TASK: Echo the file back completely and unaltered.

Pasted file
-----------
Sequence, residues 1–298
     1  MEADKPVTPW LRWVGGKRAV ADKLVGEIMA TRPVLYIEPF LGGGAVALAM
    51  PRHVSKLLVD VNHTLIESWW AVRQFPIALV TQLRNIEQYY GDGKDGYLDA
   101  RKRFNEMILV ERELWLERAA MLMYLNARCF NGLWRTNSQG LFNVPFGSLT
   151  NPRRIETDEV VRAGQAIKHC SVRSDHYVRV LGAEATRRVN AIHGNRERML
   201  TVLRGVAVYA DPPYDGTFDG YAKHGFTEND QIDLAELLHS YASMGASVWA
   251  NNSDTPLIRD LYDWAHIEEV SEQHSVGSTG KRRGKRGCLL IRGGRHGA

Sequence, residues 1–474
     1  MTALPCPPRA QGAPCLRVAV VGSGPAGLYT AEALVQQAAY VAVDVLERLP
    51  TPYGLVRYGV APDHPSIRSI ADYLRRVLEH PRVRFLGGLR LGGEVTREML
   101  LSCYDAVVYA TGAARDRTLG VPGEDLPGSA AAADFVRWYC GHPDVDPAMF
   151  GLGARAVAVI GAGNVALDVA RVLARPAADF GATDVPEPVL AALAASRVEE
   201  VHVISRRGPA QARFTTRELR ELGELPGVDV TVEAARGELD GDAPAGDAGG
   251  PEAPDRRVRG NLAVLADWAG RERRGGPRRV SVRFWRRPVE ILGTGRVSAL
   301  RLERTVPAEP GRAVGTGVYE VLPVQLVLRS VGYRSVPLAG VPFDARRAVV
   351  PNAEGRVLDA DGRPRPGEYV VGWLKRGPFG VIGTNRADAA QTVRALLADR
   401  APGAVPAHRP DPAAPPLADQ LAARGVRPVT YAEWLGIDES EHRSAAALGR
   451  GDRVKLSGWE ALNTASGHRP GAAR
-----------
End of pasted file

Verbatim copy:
Sequence, residues 1–298
     1  MEADKPVTPW LRWVGGKRAV ADKLVGEIMA TRPVLYIEPF LGGGAVALAM
    51  PRHVSKLLVD VNHTLIESWW AVRQFPIALV TQLRNIEQYY GDGKDGYLDA
   101  RKRFNEMILV ERELWLERAA MLMYLNARCF NGLWRTNSQG LFNVPFGSLT
   151  NPRRIETDEV VRAGQAIKHC SVRSDHYVRV LGAEATRRVN AIHGNRERML
   201  TVLRGVAVYA DPPYDGTFDG YAKHGFTEND QIDLAELLHS YASMGASVWA
   251  NNSDTPLIRD LYDWAHIEEV SEQHSVGSTG KRRGKRGCLL IRGGRHGA

Sequence, residues 1–474
     1  MTALPCPPRA QGAPCLRVAV VGSGPAGLYT AEALVQQAAY VAVDVLERLP
    51  TPYGLVRYGV APDHPSIRSI ADYLRRVLEH PRVRFLGGLR LGGEVTREML
   101  LSCYDAVVYA TGAARDRTLG VPGEDLPGSA AAADFVRWYC GHPDVDPAMF
   151  GLGARAVAVI GAGNVALDVA RVLARPAADF GATDVPEPVL AALAASRVEE
   201  VHVISRRGPA QARFTTRELR ELGELPGVDV TVEAARGELD GDAPAGDAGG
   251  PEAPDRRVRG NLAVLADWAG RERRGGPRRV SVRFWRRPVE ILGTGRVSAL
   301  RLERTVPAEP GRAVGTGVYE VLPVQLVLRS VGYRSVPLAG VPFDARRAVV
   351  PNAEGRVLDA DGRPRPGEYV VGWLKRGPFG VIGTNRADAA QTVRALLADR
   401  APGAVPAHRP DPAAPPLADQ LAARGVRPVT YAEWLGIDES EHRSAAALGR
   451  GDRVKLSGWE ALNTASGHRP GAAR